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Health

Missouri, Kansas Abortion Limits Face Certain Challenge After High Court Strikes Down Texas Law

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Updated: 11:58 a.m.

Missouri’s highly restrictive abortion laws are certain to face a court challenge now that the U.S. Supreme Court has struck down similar restrictions in Texas.

The high court on Monday, by a 5-3 vote, ruled that a 2013 Texas law placed an undue burden on women seeking to exercise their constitutional right to an abortion under the court’s 1973 Roe v. Wade decision.

Like Missouri’s laws, the Texas law mandated that abortion providers have admitting privileges at local hospitals and required abortion clinics to physically upgrade their facilities to meet the standards of ambulatory  surgical centers.

Texas said the law aimed to protect women’s health. Critics said it was intended to shut down abortion clinics by imposing unnecessary, burdensome and costly requirements. Since the law was enacted, the number of clinics providing abortions in Texas, a state with a population of 27 million, has dropped to 19 from a high of 41.

Justice Stephen Breyer, who wrote the majority opinion, said the burdens imposed by the requirements exceeded any benefits they conferred.

“Each places a substantial obstacle in the path of women seeking a previability abortion, each constitutes an undue burden on abortion access … and each violates the Federal Constitution,” he wrote.

Joining Breyer were Justices Anthony M. Kennedy, Ruth Bader Ginsburg, Sonia Sotomayor and Elena Kagan. Chief Justice John G. Roberts Jr. and Justices Clarence Thomas and Samuel A. Alito Jr. dissented.

Laura McQuade, president and CEO of Planned Parenthood of Kansas and Mid-Missouri, said the court's decision was "historic."

"This is a monumental day for reproductive rights, reproductive health access," she said during a telephone conference call with reporters. "It is historic not only by the vote itself but by the content of the decision, which is broad and sweeping in nature."

"It is an emotional day that we are finally here," she said. "This is easily the most important decision facing reproductive health access in more than 20 years."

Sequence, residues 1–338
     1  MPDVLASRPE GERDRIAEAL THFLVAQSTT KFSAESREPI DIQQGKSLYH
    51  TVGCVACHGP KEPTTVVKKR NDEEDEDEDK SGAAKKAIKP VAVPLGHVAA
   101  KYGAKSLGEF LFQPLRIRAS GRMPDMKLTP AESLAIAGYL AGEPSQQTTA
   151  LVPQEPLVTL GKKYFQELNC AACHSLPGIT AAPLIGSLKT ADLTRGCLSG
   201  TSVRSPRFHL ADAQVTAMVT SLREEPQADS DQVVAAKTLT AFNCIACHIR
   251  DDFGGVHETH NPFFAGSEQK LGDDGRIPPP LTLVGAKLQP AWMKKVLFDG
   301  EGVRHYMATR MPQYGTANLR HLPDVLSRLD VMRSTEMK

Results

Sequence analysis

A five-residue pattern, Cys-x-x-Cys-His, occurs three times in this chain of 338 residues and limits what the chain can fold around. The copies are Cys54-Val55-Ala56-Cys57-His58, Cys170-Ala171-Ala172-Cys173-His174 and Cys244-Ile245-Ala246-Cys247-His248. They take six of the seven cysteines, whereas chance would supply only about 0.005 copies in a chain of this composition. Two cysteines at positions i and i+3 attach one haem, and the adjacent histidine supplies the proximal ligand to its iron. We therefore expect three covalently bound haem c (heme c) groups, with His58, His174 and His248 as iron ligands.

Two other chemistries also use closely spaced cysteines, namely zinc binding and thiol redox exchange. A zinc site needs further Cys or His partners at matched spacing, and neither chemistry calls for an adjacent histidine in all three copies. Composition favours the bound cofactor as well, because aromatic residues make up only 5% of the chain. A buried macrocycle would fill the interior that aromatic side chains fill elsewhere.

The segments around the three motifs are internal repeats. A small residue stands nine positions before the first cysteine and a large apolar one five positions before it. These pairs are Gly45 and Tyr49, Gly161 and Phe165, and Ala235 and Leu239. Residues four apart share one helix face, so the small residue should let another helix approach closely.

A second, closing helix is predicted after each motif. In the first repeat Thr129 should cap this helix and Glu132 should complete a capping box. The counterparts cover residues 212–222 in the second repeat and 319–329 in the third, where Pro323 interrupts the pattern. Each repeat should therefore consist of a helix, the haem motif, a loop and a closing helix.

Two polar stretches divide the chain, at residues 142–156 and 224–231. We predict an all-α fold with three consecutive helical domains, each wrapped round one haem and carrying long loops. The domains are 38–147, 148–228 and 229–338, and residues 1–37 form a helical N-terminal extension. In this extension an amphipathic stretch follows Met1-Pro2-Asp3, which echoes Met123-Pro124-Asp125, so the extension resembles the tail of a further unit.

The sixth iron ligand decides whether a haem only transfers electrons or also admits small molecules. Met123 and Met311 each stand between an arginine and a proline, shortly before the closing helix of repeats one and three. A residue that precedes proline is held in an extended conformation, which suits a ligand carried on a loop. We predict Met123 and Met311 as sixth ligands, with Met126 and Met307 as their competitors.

Like Texas, Missouri has some of the most onerous abortion provider restrictions in the nation. There is only one surgical abortion provider now in the state, Planned Parenthood’s clinic in St. Louis, compared with more than two dozen 35 years ago.

Missouri was the first state to require abortion clinics to meet the same standards as ambulatory surgical centers. Among other things, the state specifies height and width requirements for procedure rooms and corridors.

And in 2005, Missouri became the first state to require doctors providing abortion services to have admitting privileges at a nearby hospital.

Missouri also requires that women wait 72 hours between visiting a doctor and having an abortion procedure.

Kansas also has highly restrictive abortion measures, including air temperature, locker room and janitorial closet requirements.

Restrictions like these are often referred to as “targeted regulation of abortion providers,” or TRAP laws. Supporters claim they’re intended to protect women’s health and safety, but critics point out that abortion is one of the safest medical procedures, with fewer than one-half of 1 percent of procedures resulting in serious complications.

Missouri’s and Kansas’ restrictions have already been challenged in court. In May, a federal judge ruled that Missouri’s attempt to revoke the abortion license of the Planned Parenthood clinic in Columbia, Missouri, violated the Constitution’s Equal Protection Clause.

U.S. District Judge Nanette Laughrey found that Missouri health officials had yielded to political pressure and treated the clinic, which is operated by Planned Parenthood of Kansas and Mid-Missouri, differently than other ambulatory surgical centers.

And in Kansas, the state is defending a lawsuit brought by Planned Parenthood challenging the legality of Kansas’ attempt to cut off its Medicaid reimbursements. The judge overseeing that case has said she will issue her decision before July 7, the date the state has said it will terminate Planned Parenthood’s participation in the Medicaid program.

Dan Margolies, editor of the Heartland Health Monitor team, is based at KCUR. You can reach him on Twitter @DanMargolies.

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